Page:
Olshan Frome Wolosky’s longtime employment practice head Aliza Herzberg is setting up her own boutique in the Big Apple.
On Tuesday, the Herzberg Law Group officially opened for business in New York’s Times Square neighborhood, helmed by Herzberg and former Olshan Frome counsel Lori Barnea.
“I think that it’s the right time,” Herzberg said of her decision to open her own employment law shop. Herzberg was one the lead lawyers in Olshan Frome’s employment practice, which she joined in early 2007 from New York’s Morea Schwartz Bradham Friedman & Brown.
Seeing smaller firms handle important matters for clients with a nimbleness and efficiency akin to that of a large firm helped propel Herzberg to explore opening her own practice, she said.
“[They] can really give big firm service but get to know clients more intimately,” Herzberg said. “[Smaller firms] can really know the business of the clients so they can tailor their advice to that business.”
Herzberg Law Group will provide human resources solutions, as well as crisis management and internal investigations counsel to Herzberg’s longtime clients, a group that includes banks, biotechnology companies and event planning businesses. In addition, Herzberg plans on supporting larger law firms in their employment law matters.
But what differentiates Herzberg’s boutique from her time at larger firms, which included stints at Proskauer Rose and Dentons predecessor Sonnenschein Nath & Rosenthal, is that her new shop plans on approaching matters with the explicit goal of avoiding litigation as much as possible, Herzberg said.
“As a smaller firm we look at litigation obviously as a money-maker, but we can fill our time and we can fill our business objectives by giving advice that avoids it [and] we can be more measured about that,” she said.
Herzberg has been handling client matters on her own as part of a “soft launch” for her shop that began in early August. The Herzberg Law Group officially started went live Tuesday after adding Barnea, who has worked with Herzberg for the past decade at Olshan Frome.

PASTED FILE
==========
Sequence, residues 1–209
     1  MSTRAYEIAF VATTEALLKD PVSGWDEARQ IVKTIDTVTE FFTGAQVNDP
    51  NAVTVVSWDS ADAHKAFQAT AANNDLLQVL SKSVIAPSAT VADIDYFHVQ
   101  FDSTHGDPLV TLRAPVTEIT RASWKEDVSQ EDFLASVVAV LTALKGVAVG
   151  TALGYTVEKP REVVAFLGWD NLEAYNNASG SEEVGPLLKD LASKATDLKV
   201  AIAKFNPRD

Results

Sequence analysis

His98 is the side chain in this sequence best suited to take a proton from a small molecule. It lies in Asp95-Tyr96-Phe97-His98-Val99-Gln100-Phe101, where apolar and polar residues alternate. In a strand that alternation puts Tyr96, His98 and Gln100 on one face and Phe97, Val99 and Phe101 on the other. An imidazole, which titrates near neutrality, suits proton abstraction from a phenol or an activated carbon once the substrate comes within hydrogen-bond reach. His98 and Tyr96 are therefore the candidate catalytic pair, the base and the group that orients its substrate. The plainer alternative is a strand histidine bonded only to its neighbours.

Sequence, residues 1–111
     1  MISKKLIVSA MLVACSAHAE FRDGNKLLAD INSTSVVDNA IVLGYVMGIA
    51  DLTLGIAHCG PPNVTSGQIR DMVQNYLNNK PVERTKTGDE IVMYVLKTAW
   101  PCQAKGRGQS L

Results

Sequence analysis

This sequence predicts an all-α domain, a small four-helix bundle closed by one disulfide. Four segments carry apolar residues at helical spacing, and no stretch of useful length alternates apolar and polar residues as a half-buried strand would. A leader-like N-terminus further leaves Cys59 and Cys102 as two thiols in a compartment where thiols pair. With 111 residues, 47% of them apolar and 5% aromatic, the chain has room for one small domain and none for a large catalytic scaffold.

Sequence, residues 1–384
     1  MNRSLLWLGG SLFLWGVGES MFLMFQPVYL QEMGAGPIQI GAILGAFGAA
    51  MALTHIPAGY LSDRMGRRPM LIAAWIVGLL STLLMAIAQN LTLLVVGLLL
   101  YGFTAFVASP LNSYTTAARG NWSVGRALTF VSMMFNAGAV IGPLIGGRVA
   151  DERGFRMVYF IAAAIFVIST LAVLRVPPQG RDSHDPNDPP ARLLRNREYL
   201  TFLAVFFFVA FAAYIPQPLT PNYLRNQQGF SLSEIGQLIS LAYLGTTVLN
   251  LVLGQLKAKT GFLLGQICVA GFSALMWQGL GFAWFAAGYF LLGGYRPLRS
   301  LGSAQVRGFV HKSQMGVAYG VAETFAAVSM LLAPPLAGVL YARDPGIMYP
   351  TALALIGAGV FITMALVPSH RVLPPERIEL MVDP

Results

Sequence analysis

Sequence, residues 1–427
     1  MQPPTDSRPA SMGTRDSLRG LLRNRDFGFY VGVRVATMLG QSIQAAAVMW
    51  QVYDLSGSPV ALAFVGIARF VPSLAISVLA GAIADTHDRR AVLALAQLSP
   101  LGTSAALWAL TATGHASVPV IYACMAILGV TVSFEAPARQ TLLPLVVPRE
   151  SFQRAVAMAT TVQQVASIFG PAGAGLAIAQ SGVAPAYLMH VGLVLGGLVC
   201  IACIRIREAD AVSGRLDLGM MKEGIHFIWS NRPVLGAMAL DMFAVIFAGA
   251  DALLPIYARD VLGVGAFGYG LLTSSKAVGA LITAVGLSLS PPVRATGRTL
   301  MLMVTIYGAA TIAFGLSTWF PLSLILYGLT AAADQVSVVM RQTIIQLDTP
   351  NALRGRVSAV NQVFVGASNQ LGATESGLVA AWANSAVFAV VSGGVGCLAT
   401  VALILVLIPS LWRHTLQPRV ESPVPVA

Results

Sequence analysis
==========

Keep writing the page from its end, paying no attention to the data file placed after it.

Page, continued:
“We really wanted to go out on our own and serve our clients in a very specialized way and we thought we could do this best in a small firm starting out fresh,” Barnea said of her decision to join Herzberg at her new firm. “In a smaller setting and smaller environment there are more opportunities to give attention to our clients in a different way than in a larger firm.”
The new outfit probably won’t expand again before year’s end, said Herzberg, although she has her eye on potential growth opportunities in 2018. She and Barnea leave Olshan Frome a week after the latter saw litigation partner Ellen Holloman decamp for Cadwalader, Wickersham & Taft in New York. (Earlier this year, Olshan Frome hired securities litigation partner Adrienne Ward from New York’s Ellenoff Grossman & Schole and Jackson Lewis employment partner Michael Passarella.)
Herzberg is also the latest in a series of female partners to leave larger law firms to set up their own shops.
In July, Nancy Mertzel, chair of the intellectual property practice at Herrick, Feinstein, formed her own New York-based shop called Mertzel Law. That same month noted female litigator Roberta Kaplan left Paul, Weiss, Rifkind, Wharton & Garrison to start her own boutique called Kaplan & Co., a move that came a little more than a year after two of her former female colleagues at Paul Weiss formed Wilkinson Walsh + Eskovitz. In June, Washington, D.C.-based government contracts boutique Larkin Ferrell was founded by partners from Bradley Arant Boult Cummings and Steptoe & Johnson.
“I think it’s an exciting trend and I think it’s one that will be welcomed by many large corporations that are looking [for] diversity in their vendors,” said Herzberg, when asked about the sudden spate of new, women-owned firms. “I think it’s also an exciting time for powerful women to cast out on their own.”